How To Be The Boss Of Your Creative Life

googleimages2Has everyone heard of impostor syndrome?

It’s that feeling we’ve all experienced where, despite our accomplishments, we’re unable to feel like we’ve earned our spot. Like we’re a creative imposter and someone is going to find out we don’t belong.

I don’t know any creative person who has never internalized this feeling.

But the truth is: we’ve all earned our spots, because the only opinion that matters is yours. So shake off those insecurities and learn to be the boss of your creative life.


  • You are your harshest critic. Don’t beat yourself up. Treat yourself like you’d treat any other critique partner.
  • If you don’t respect your writing time, no one else will. Make those quiet moments count.
  • You decide what your idea of success is. Don’t let anyone tell you who you should be.
  • If you want to write for you, that’s okay. Getting published doesn’t define a writer. 
  • Give your life breathing room to allow creative thoughts to come in. When you schedule your day down to the minute where will inspiration come from?
  • If you want to be a writer you must do two things: call yourself a writer and write.
  • Imposter syndrome means that people overcompensate to outwardly show like they belong. But what matters most is quietly chipping away at your goals in a way that is meaningful to you.
  • It could take months, or it could take years. Don’t stop when the going gets tough. This isn’t a craft you learn quickly. Read this Writer’s Digest article by my author Karen Katchur.
  • We spend our lives writing, talking and also non-verbally communicating. Listen and look at what’s happening around you: those are the honest parts of life that need to make it into your writing to make it come alive. Desk time isn’t the only writing time. 
  • Give yourself permission to make mistakes. As long as you learn from them they’re all part of your process. And give yourself permission to break routine. As long as you know the difference between a routine that’s no longer working and taking a day off.
  • A “no” only gets you closer to the “yes” that matters. And all it takes is one yes.


Looking to take the next step with your writing? Join my Sept 3 webinar with Writer’s Digest.

Published by Carly Watters

Carly Watters is a SVP, senior literary agent and director of literary branding with the P.S. Literary Agency. She is a hands-on agent that develops proposals and manuscripts with attention to detail and the relevant markets. PSLA’s mission is to manage authors’ literary brands for their entire career. Never without a book on hand she reads across categories which is reflected in the genres she represents and is actively seeking new authors in including women’s fiction, commercial and upmarket fiction, select literary fiction, platform-driven non fiction and select memoir. She occasionally represents children's book projects. Carly is drawn to emotional, well-paced narratives, with a great voice and characters that readers can get invested in.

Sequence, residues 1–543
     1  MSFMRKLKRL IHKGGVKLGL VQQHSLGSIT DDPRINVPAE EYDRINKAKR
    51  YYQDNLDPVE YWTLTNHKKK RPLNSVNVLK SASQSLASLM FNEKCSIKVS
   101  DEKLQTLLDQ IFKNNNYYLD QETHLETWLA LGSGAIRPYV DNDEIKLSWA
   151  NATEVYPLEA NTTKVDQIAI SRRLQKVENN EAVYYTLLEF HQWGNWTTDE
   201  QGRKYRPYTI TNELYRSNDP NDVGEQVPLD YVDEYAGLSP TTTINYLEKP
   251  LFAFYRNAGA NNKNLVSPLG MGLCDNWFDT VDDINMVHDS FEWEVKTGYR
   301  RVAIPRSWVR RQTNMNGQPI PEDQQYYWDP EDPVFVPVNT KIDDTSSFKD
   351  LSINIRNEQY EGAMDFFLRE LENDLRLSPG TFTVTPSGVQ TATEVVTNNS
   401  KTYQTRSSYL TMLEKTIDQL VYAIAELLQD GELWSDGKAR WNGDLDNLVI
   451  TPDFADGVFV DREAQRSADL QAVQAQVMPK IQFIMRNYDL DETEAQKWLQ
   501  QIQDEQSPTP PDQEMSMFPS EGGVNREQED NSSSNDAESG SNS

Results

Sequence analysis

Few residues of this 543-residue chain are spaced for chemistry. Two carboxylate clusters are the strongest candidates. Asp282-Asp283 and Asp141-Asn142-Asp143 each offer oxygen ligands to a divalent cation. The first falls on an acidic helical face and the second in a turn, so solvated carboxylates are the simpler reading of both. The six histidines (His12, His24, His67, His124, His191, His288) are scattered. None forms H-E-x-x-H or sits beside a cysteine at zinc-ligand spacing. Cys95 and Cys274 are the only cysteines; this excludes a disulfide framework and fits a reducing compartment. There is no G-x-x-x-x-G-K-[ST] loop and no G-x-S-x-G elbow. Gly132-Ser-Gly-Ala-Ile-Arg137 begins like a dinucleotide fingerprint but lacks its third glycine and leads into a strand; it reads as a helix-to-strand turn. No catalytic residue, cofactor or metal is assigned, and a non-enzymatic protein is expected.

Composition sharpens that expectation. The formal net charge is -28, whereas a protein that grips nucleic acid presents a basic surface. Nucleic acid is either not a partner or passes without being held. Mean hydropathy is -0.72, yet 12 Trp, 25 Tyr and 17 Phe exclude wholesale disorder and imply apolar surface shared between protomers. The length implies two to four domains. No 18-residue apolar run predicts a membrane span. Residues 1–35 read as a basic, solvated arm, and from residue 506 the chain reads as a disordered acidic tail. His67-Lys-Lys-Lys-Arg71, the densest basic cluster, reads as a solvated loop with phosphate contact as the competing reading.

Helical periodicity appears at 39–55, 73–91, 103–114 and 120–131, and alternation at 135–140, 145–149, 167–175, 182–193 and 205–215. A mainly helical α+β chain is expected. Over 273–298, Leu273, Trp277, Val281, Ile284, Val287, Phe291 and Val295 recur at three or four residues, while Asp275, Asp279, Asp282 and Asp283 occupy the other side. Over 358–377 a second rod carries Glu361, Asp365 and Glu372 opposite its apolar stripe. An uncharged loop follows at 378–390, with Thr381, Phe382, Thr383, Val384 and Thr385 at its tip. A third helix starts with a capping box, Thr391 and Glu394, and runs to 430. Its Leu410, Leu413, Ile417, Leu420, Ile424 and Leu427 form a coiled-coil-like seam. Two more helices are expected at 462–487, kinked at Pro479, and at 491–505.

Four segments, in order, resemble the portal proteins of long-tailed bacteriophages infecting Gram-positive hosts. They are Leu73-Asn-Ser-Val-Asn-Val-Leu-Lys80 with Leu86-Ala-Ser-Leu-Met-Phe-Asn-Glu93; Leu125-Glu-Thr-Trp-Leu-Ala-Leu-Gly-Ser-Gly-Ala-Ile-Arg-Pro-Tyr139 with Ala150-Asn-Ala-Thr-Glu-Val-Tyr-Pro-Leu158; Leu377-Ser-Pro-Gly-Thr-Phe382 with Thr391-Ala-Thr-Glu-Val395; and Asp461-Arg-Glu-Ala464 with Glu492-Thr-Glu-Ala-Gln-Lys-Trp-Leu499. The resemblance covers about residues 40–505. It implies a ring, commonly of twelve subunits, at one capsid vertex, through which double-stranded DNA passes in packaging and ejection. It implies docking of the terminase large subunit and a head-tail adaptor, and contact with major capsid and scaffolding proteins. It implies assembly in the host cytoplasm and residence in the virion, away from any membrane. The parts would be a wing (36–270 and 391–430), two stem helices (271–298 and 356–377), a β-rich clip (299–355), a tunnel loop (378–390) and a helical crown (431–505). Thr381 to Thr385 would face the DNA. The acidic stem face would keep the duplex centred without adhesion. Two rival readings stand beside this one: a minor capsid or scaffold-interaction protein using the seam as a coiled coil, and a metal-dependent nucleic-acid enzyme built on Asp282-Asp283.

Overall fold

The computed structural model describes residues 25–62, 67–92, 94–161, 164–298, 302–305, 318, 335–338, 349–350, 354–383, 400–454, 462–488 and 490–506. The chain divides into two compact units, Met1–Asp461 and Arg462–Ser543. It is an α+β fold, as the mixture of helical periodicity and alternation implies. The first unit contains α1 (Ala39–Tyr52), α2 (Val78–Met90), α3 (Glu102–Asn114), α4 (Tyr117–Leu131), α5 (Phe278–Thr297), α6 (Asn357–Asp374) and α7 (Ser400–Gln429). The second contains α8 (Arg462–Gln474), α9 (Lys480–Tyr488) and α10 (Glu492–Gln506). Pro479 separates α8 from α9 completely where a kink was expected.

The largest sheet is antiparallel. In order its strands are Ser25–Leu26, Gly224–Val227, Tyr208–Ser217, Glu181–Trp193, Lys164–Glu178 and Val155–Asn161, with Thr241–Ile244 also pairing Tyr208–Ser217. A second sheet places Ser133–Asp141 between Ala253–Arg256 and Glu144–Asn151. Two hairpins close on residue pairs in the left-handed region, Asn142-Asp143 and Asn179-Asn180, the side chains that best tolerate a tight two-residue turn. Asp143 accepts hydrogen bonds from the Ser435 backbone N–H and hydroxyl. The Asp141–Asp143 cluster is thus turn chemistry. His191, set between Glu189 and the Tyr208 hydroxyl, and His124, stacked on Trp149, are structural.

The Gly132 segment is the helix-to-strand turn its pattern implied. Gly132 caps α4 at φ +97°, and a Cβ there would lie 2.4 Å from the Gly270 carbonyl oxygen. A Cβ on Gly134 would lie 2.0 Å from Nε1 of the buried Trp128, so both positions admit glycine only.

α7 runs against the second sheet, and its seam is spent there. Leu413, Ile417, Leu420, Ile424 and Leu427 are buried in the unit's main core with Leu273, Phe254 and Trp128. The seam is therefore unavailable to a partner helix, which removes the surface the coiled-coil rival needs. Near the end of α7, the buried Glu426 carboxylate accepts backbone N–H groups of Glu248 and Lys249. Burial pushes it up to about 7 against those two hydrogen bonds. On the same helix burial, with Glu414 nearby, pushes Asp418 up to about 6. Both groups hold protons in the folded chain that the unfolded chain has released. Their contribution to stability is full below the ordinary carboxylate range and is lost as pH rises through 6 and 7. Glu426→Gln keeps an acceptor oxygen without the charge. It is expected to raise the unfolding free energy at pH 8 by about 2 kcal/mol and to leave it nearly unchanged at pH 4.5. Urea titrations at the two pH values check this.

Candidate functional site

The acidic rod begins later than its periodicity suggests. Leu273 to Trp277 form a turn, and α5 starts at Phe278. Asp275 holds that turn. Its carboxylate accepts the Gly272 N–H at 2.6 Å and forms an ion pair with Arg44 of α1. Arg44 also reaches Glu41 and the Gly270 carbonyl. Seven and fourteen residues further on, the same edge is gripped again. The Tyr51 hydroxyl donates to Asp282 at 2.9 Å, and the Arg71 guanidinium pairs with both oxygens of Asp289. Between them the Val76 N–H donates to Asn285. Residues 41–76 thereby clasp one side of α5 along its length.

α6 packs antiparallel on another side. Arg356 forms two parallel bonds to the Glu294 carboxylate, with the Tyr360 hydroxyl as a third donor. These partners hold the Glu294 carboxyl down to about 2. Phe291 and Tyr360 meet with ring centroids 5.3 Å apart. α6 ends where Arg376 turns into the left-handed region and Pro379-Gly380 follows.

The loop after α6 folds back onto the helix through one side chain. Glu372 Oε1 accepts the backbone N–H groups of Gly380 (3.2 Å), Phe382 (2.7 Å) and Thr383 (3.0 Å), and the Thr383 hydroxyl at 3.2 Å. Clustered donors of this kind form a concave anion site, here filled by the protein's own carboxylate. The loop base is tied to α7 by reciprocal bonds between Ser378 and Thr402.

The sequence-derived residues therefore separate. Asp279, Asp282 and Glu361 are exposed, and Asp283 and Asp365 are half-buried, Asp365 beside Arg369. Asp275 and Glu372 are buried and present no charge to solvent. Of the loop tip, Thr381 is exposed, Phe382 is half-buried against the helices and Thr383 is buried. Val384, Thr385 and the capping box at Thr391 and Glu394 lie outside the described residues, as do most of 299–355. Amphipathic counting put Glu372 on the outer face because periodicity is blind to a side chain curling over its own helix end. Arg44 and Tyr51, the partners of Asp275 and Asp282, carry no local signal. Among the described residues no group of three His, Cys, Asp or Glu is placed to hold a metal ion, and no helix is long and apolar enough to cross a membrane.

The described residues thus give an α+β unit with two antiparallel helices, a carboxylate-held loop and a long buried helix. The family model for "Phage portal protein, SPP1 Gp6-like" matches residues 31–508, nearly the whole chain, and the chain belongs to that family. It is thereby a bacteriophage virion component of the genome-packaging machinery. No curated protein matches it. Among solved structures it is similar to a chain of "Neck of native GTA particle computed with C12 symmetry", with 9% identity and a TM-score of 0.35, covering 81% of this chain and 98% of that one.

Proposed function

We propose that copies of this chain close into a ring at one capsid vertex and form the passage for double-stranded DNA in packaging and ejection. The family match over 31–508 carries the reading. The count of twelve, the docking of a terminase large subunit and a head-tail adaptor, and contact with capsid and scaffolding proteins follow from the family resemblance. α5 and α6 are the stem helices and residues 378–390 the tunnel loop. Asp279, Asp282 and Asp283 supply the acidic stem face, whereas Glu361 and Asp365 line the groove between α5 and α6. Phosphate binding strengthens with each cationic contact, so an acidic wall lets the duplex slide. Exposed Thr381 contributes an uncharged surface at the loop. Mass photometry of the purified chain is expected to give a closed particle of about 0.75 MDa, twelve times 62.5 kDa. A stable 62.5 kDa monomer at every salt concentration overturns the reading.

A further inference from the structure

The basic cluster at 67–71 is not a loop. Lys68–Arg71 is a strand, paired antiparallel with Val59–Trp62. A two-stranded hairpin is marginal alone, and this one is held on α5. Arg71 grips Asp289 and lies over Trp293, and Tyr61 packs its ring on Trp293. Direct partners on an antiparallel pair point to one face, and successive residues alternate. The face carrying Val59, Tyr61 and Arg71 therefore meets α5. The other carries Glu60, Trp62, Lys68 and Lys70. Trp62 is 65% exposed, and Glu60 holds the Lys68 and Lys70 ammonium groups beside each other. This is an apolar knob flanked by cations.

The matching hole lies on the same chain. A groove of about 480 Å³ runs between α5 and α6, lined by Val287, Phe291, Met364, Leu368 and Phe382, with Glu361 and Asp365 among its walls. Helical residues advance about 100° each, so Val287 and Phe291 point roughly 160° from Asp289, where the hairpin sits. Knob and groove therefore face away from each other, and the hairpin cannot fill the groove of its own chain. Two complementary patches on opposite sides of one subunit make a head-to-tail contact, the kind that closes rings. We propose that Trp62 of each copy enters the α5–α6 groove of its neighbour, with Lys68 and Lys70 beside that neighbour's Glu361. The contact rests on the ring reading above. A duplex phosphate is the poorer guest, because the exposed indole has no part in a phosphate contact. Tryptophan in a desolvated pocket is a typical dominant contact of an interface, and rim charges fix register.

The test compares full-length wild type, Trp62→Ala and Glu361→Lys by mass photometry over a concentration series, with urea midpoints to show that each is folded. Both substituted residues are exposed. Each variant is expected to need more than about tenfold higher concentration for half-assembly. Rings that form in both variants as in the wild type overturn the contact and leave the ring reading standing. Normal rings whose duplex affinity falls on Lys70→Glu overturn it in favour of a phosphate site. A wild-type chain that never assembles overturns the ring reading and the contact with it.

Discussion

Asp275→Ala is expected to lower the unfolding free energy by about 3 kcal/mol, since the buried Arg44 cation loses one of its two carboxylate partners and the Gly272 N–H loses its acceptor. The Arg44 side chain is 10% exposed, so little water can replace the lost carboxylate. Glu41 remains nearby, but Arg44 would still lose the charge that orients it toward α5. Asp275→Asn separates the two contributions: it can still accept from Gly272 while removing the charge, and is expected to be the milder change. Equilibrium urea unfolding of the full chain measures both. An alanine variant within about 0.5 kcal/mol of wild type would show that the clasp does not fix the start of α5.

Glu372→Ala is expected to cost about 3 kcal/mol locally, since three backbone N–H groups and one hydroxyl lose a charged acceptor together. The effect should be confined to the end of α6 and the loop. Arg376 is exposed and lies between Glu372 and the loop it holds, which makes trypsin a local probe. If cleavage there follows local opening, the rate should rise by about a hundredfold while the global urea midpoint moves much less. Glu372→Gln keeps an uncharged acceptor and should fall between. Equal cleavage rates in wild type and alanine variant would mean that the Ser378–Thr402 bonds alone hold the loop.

15 thoughts on “How To Be The Boss Of Your Creative Life

  1. Does imposter syndrome ever go away? It seems to recede a bit with each “yes,” then creep back in as we move toward the next milestone or plateau. It is a challenging, motivating, sometimes confounding force.

    Liked by 1 person

  2. I just got home from a meeting with a writers group. Out of the seven, I am one of the only two women in the group. When one of the members, a younger guy, started going on and on about how he was going to self publish and not give any money to publishers or agents, that writing was money to him and he wasn’t’ going to give it away for free, I asked him if he saw writing as an art, a craft to be developed. He slowed for only a half second. He went on to talk dollars and cents.

    Something about the way he was talking about writing, as if the sole purpose of it was to make money, well it didn’t enhance his personality ( and to think, I was attracted to him).
    I am happy to say that I drove home feeling like a writer for the first time.

    I’ve been published, my peers in the hospital call me a writer, my friends ask about projects, and the thing that finally made me feel like a writer was standing up to someone who thought the only purpose of writing was to make money.

    Liked by 1 person

  3. Reblogged this on the writes of passage and commented:
    Needed this reminder. I’ve spent days and weeks not creating anything new since completing No Room in Neverland. And let me tell you, the guilt, the restlessness, the frustration, and the boredom is REAL. I need to start writing again before I go stir-crazy — but first, idea gathering time!


  4. Hi Carly,
    Thanks for your wonderful post. I just recently decided it was okay to tell people that I write and made business cards to say I’m a writer. It’s true that you need to own it and work hard at it. And equally important to take time off to have perspective. Read and write. It’s my favorite job and hopefully I’ll be traditionally published in the future.


  5. I landed an incredible job just recently as a result of doing many of these things. The brilliant thing about being creative (and loving/using the internet) is that we create our opportunities. It’s made a big difference in my life. Great post!

    Liked by 1 person

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